Wednesday, July 12, 2006

Using The Friends and Allies of Your Enemy to Your Advantage!

My mother always said, “You can count the number of your real friends on one hand." I think this is absolutely true. However, when it comes to counting actual friendships in the workplace, you could lose a few of your digits and you still wouldn’t be at a loss to finish the task. And, that’s during the good times. When things begin to go terribly wrong at work, due to bullying, harassment, discrimination or retaliation, isolation can become a major part of your workplace life.

But, cheer up. Even if you find that everyone is suddenly really busy when you stop by their office and no one wants to go to lunch with you anymore, it doesn’t change the fact that you can still find ways to get the friends and allies of your enemies to provide you with useful information that supports your allegations of workplace abuse.

Who is your enemy? For the purposes of this post, your enemy is whoever is spearheading the attacks against your job security, work performance, character, ethics, etc. This may be the supervisor who gave you a fraudulent performance review in order to deny you a promotion, the person who is causing you an offensive work environment by making racial slurs and slandering you with false charges to other staff in an attempt to isolate you from your coworkers or it may be a person who is denying you assignments because of their racial prejudices.

Your enemy is a specific person or people. If your company, as a whole, is trying to run you out of a job, you have a much larger and threatening problem, but can still use some of the strategies in this article to try to mine for insider information. And, that takes us right back into how you can manipulate the friends and allies of your enemy into giving you information they normally might not share.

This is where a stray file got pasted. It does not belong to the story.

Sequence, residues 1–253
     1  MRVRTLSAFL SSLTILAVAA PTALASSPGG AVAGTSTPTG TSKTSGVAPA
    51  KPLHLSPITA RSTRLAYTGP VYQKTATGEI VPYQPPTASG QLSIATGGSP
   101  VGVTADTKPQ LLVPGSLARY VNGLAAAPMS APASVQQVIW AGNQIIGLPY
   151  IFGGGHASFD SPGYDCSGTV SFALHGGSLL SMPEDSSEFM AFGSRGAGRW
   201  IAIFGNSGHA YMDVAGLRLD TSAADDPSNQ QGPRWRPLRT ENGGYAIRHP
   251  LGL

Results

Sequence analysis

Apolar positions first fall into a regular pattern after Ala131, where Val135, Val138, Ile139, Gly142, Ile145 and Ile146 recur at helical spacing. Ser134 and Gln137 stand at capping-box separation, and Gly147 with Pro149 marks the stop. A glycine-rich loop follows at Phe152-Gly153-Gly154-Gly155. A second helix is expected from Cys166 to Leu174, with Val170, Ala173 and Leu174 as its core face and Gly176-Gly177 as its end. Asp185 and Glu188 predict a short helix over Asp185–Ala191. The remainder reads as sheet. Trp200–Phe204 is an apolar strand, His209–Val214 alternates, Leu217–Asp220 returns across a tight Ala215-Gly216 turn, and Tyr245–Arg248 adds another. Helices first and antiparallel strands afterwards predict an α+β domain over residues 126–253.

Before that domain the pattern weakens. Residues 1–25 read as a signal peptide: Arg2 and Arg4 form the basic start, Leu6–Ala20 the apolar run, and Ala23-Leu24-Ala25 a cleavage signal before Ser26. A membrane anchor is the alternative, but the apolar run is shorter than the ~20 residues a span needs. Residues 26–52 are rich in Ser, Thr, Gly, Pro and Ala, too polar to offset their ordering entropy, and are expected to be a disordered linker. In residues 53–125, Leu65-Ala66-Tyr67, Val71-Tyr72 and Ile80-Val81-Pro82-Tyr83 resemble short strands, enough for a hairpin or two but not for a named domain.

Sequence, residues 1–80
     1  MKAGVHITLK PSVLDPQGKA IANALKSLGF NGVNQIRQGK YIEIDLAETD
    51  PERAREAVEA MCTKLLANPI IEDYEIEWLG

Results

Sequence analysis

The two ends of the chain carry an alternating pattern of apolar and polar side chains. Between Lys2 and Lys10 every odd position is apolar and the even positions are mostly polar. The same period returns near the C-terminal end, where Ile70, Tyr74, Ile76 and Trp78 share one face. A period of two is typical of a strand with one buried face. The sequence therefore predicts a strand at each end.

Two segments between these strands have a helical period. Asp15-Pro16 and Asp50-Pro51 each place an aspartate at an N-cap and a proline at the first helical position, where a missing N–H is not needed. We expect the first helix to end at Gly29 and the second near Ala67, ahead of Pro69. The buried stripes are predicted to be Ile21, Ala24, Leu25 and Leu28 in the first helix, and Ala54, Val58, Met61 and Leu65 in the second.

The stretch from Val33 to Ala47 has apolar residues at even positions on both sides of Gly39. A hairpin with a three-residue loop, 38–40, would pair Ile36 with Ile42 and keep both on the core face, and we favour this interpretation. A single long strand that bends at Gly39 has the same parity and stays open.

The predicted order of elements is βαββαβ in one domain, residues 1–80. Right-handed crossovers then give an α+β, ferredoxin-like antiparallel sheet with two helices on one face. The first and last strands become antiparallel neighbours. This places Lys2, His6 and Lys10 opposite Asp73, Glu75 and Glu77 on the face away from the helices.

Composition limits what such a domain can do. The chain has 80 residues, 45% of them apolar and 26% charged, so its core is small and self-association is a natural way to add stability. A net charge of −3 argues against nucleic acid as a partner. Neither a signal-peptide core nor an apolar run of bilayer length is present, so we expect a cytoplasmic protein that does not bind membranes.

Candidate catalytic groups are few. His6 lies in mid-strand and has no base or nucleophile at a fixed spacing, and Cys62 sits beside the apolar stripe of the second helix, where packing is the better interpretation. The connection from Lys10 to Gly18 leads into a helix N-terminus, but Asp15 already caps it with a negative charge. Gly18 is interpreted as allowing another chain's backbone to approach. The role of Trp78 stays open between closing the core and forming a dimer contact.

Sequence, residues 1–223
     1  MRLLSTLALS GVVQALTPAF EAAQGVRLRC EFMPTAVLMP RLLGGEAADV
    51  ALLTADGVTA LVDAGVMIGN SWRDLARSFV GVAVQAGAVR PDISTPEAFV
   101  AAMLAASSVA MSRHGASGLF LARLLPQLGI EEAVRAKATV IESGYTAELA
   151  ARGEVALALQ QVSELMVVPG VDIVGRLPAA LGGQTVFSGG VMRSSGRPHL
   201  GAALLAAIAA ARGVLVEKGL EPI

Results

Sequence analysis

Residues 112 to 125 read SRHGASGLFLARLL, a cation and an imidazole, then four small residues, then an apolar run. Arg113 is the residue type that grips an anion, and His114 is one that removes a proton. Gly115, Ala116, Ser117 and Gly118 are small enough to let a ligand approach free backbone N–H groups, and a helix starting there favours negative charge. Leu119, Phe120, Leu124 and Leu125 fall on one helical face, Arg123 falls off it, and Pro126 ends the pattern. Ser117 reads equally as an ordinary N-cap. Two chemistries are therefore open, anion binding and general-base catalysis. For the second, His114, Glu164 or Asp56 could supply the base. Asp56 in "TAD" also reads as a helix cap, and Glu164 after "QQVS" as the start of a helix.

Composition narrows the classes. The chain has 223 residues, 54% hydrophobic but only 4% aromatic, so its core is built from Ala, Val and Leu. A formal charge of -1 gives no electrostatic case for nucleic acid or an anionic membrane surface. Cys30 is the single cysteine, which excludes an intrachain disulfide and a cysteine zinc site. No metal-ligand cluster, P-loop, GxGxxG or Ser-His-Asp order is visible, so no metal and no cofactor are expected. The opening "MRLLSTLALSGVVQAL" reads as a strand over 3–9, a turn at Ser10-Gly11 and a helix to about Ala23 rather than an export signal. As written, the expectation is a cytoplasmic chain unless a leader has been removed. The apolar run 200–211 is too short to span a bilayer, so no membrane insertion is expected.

Who exactly are the friends and allies of your enemy?

Friends are people that your enemy actually likes, including those your enemy goes to lunch with (not a business lunch), and/or meets with outside of work hours (happy hour, shopping, recreational activities, or to participate in other social events, etc.).

An ally may be a person that your enemy may or may not like, but there’s a strategic reason why they have some sort of pact or agreement to cooperate with each other at work. The pact can be a spoken or unspoken arrangement that just works in the best interest of both parties. As with friends, the allies of your enemy may be other coworkers, managers and supervisors, executives, or Human Resources personnel.

The friends and allies of your enemy can and may be co-conspirators in any actions taken against you with regard to your continued employment at your place of work. Even if they are not involved in assisting your enemy in tormenting you, they likely have the inside track on what is going on with the individual you’re having problems with. It’s for this reason that the statements and actions of the friends and allies of your enemy can be an important part of proving a case of bullying, harassment, discrimination or retaliation. For that reason, you shouldn’t necessarily shy away from these individuals. Instead, you should identify who may have useful information—and a disposition—that may help your case against your enemy.